SÃO PAULO – I was in for a surprise when I asked politically engaged university students and young political activists in Brazil how they felt about the recent upheaval in Cuba. “The whole debate about Cuba is like a caricature. I don’t really think it’s interesting,” one replied. Contrary to my experience of when I started teaching more than a decade ago, the majority had not even paid much attention to events there — despite self-identifying as being on the left of the ideological spectrum. While all opposed the U.S. embargo against the island, most did not consider Cuba to be particularly relevant to the issues they care most about, namely race and gender issues and the need to increase the number of minorities in positions of power across society.
Rather, several said Chile’s gender-balanced constituent assembly — the world’s first with a 50% gender quota — inspired them, as did the participation of indigenous Mapuche people. In the same way, several female students mentioned the feminist protest song “El Violador Eres Tú” (The Rapist is You), which captured people’s imagination across the globe during the height of Chile’s protest wave in late 2019.
Their relative apathy toward Cuba — a topic that was once certain to arouse passions in any discussion — seems to reflect a shift in the debate among some of Brazil’s younger leftists. The same is true about Venezuela, which until a few years ago guaranteed bare-knuckle debates between students supportive of and those opposed to the Chávez regime. While limited to anecdotal evidence, my conversations with left-wingers in Brazil born in the 2000s reveal that neither Che Guevara, Fidel Castro nor Hugo Chávez comes close to the inspirational power of Marielle Franco, the Black lesbian councilwoman from Rio de Janeiro assassinated in 2018. Indeed, it is not uncommon for left-wing students of this generation to call Franco’s murder the most relevant political event of their lives, leading them to engage politically in the first place — somewhat similar to what Lula’s election in 2002 symbolizes to those born in the early 1980s. When asked about the topics they most ardently care about, issues like increasing the political representation of women — and Black women in particular — indigenous communities and the LGBTQ population are regularly mentioned first. In addition to Chile, many of the young leftists who look beyond Brazil’s borders seem to consider Argentina’s social policies to be inspiring, especially vis-à-vis the recent decision to legalize abortion, as well as its new affirmative action law for transgender people.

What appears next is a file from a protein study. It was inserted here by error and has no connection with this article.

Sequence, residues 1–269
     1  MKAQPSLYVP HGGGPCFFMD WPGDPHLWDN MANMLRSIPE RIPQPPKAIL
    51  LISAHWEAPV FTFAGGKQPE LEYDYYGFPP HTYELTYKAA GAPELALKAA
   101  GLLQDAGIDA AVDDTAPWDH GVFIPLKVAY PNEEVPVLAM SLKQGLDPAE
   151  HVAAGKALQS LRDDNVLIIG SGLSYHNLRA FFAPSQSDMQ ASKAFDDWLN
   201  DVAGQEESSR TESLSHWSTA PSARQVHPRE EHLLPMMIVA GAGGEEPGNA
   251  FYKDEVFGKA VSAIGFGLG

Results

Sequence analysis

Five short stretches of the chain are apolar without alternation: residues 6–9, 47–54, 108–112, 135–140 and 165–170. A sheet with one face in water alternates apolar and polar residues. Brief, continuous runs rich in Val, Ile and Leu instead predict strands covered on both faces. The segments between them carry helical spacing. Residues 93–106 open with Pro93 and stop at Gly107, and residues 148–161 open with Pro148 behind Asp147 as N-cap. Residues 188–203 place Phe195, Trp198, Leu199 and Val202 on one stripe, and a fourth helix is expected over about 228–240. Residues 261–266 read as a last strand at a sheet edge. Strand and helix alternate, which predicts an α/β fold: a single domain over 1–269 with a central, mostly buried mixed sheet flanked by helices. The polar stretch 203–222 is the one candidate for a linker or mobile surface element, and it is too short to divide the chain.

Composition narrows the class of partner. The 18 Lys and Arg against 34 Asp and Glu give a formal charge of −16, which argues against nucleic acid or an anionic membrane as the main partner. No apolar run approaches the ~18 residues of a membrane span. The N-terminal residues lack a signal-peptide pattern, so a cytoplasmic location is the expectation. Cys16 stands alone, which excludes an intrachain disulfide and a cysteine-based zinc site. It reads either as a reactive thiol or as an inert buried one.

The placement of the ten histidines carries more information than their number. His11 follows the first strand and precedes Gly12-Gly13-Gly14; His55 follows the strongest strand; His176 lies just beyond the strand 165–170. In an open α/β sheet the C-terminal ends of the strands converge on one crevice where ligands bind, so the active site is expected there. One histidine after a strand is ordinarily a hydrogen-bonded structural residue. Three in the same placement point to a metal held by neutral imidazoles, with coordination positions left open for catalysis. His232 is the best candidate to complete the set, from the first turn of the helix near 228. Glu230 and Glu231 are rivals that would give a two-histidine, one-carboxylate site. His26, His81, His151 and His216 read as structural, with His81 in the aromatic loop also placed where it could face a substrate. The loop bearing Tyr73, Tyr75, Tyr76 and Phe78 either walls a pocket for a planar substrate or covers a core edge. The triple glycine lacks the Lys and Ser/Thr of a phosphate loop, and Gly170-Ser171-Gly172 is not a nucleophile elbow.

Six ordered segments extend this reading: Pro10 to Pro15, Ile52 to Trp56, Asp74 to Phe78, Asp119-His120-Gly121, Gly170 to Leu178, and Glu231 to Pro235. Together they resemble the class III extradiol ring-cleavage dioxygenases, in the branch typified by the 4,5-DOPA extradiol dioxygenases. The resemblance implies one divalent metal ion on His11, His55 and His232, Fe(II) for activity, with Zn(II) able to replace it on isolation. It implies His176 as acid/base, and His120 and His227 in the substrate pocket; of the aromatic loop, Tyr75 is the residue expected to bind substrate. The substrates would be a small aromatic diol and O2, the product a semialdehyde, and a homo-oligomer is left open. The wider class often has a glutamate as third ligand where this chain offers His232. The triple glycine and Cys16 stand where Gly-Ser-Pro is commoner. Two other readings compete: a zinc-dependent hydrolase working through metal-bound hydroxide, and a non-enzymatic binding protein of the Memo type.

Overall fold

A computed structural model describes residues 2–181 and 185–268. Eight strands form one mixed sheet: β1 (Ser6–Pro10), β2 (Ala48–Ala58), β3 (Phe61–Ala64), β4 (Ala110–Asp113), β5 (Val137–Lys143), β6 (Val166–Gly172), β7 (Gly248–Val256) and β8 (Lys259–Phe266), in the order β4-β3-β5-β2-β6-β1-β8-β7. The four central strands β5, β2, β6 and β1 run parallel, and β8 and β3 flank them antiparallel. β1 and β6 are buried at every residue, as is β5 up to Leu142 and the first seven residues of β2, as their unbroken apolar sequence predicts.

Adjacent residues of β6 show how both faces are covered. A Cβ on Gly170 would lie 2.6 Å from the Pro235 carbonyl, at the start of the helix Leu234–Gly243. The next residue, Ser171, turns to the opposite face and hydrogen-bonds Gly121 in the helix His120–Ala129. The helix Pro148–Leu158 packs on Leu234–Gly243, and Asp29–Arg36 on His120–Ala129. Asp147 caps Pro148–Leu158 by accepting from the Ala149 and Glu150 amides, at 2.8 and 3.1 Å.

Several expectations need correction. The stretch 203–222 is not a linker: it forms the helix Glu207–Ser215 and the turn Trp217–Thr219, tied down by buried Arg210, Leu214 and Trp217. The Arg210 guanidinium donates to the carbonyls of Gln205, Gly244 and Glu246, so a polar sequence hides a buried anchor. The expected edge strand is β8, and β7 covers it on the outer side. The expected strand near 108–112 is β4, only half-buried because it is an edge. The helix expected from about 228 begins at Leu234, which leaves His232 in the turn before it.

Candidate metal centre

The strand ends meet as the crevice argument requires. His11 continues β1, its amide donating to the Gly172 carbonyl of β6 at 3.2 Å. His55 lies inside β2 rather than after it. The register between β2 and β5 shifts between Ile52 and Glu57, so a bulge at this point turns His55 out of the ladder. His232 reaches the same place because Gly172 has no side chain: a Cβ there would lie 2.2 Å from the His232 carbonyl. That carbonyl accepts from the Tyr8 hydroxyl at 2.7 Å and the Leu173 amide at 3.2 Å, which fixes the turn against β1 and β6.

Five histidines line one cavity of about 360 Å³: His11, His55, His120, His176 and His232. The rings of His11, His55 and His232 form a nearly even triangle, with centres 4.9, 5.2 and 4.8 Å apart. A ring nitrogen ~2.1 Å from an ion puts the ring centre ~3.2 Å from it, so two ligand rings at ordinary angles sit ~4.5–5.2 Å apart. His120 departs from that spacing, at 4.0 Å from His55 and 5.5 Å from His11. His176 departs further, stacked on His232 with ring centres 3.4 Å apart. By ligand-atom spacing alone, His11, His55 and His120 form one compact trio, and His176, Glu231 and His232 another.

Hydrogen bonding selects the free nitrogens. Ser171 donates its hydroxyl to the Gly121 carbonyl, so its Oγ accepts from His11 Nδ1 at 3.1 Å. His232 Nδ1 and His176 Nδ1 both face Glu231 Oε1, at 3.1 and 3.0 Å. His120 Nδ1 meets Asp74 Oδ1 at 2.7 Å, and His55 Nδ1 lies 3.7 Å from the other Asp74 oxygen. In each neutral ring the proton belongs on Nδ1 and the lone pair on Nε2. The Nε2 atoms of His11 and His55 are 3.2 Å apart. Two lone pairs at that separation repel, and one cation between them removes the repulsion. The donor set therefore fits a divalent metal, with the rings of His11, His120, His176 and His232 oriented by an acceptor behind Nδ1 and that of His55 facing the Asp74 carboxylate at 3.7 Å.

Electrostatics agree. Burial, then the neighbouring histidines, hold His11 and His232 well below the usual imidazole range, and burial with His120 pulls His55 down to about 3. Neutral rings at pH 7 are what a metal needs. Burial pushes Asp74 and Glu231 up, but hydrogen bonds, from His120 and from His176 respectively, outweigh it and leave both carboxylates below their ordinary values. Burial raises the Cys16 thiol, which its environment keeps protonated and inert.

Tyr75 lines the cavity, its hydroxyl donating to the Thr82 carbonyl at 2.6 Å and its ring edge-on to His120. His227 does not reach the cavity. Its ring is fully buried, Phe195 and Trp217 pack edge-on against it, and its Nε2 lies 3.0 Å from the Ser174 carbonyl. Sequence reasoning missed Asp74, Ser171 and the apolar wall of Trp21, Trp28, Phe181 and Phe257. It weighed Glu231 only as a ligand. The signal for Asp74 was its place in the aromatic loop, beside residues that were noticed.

This does not mean, of course, that several of the left’s more traditional concerns, such as reducing inequality and poverty, no longer matter to Brazil’s Gen Z leftists. Quite to the contrary, many of those I speak to, particularly students who come from poorer families, see themselves as products of the Workers’ Party’s social policies aimed at including groups that long had little access to Brazil’s public university system. To them, the fight for greater political representation is the logical next step of successful anti-poverty measures (even though the economic crisis after 2014 and the pandemic reverted a significant part of the progress made during the 2000s).
Perhaps most fascinating to me, their fight for greater political representation of minorities involves questioning the intellectual foundations and references of older generations, even on the left. I often hear that Marielle’s death and the government’s reaction (it remains unclear who exactly was behind the killings) have led young activists to wonder why the vast majority of authors they read are white men and how the Portuguese language includes what they consider to be elements of white privilege. Gen Z leftists are inventing new linguistic expressions and “subverting language”, using for example escurecer (to darken) instead of esclarecer (to lighten, or to clarify). Somewhat related are discussions about the need to “decolonize” knowledge, which often involves the search for alternative perspectives on politics and history, particularly from minorities whose voices were traditionally silenced.
It may thus come as little surprise that those young leftists who consider LGBTQ and women’s rights as a key political battle struggle to connect to many of the Latin American left’s most iconic leaders, ranging from Fidel Castro, Hugo Chávez and Rafael Correa to Evo Morales, who were socially conservative and oftentimes homophobic. (The same seems to be true for Peru’s new left-wing president Pedro Castillo, whose socially conservative views on issues such as abortion make him a complicated ally for those who prioritize things like women’s rights.) While the new generation of Chile’s leftist leaders — including 35-year old presidential candidate Gabriel Boric — are not yet household names among Latin America’s left, they seem to be far better positioned to capture the imagination of Gen Z leftists across the region than Cuba’s aging political elite.
Tags: Brazil, Gen Z, Gender Rights, Left-wing leaders, LGBT Rights in Latin America